Germany saw an average of 10 farms go out of business every day in the last decade, according to the German government’s agricultural policy report, which has spurred associations and the opposition to call on the agriculture minister to take action.
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The number of farms that closed between 2010 and 2020 totalled around 36,000, according to the report that the federal government has to submit to the German Federal Parliament Bundestag every four years.
This represents a decline of around 12%, which also corresponds to a loss of around one in seven jobs.
For German Agriculture Minister Cem Özdemir, the decades-long policy of “grow or die” is one of the main reasons for the major structural change.
To support smaller farms, Germany is making the most of the room for manoeuvre granted by the EU in the current funding period of the EU Common Agricultural Policy (CAP) to redistribute subsidies from large to small and medium-sized farms.
“Our farmers are ready for change, but they need planning security,” explained Özdemir in a statement, admitting that planning security has recently been lacking.
Planning has been made particularly difficult by strong fluctuations in income, putting many farms under pressure as the report speaks of “considerable annual income fluctuations in agriculture”, primarily due to weather conditions and fluctuations in producer and input prices.
“It is the task of policymakers to make the framework conditions as crisis-proof as possible so that farms can operate successfully and sustainably,” the ministry’s statement reads.
‘Lack of prospects’ and ‘political reliability’
The importance of long-term planning security was also underlined by the German Farmers’ Association (DBV), which believes politicians have a duty to act.
“Structural change in agriculture is driven by two main factors: a lack of economic prospects and a lack of political reliability for future investments,” DBV Secretary General Bernhard Krüsken told Euractiv.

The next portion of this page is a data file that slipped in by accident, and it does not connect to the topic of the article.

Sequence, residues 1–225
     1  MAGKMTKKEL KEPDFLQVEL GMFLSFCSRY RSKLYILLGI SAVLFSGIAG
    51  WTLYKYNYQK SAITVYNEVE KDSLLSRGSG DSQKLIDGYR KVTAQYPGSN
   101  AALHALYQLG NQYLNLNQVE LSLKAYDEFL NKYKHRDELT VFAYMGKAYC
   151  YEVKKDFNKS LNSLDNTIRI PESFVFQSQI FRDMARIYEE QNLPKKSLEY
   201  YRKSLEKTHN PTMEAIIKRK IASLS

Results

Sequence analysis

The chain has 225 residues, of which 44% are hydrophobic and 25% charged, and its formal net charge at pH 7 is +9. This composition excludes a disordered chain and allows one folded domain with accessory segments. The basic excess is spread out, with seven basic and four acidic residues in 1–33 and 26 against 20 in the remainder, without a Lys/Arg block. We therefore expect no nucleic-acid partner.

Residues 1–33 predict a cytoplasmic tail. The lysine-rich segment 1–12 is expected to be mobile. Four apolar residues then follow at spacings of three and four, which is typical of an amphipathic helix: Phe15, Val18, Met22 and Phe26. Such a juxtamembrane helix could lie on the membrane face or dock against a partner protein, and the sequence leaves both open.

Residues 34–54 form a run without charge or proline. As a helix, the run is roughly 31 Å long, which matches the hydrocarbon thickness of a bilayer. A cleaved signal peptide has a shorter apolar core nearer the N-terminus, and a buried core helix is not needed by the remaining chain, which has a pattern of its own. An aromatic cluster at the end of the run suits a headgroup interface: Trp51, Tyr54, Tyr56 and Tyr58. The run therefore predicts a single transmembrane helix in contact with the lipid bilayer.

There is also “excessive bureaucracy”, which often leads to a decision to “take a different path than farming” when a new generation takes over.
But Krüsken said it was up to politicians to “create a reliable framework and not change the legal requirements every few years”.
Farmers lack “predictability and reliability”, added Albert Stegemann, agricultural policy spokesman for the Christian-democrat CDU/CSU parliamentary group, in a statement.
He accused Özdemir of focusing too much on environmental issues and not enough on “innovation, investment” and strengthening the “domestic agricultural sector”.
Reform backlog and ailing pig sector
For the environmental organisation WWF, however, the data in the agricultural report reflect a kind of “reform backlog”.
Although things are changing in the agricultural sector, policymakers are largely at a standstill, mainly due to a lack of support for Özdemir and his plans, explained Johann Rathke, WWF’s agricultural policy coordinator.
“Whether it’s the Organic Strategy 2030, adjustments to the Common Agricultural Policy (CAP), a forward-looking fertiliser law with transparent accounting rules, modern pesticide regulations or reliable funding for the restructuring of livestock farming – the list of unfinished projects is long,” he stressed.
However, the sharp decline in the number of farms is mainly due to the pig sector, where the number of farms has almost halved, with most of the 28,000 farms going out of business.
Pig farms have been under increasing pressure in recent years due to outbreaks of African swine fever (ASF) and the COVID-19 pandemic, which have had a major impact on exports, as well as low producer prices and increased costs, for example, animal welfare measures.
At the same time, Germans have been consuming less and less pork in recent decades. Between 1999 and 2021, annual per capita consumption fell from 55 to 43 kilograms.
[Edited by Kjeld Neubert/Nathalie Weatherald]
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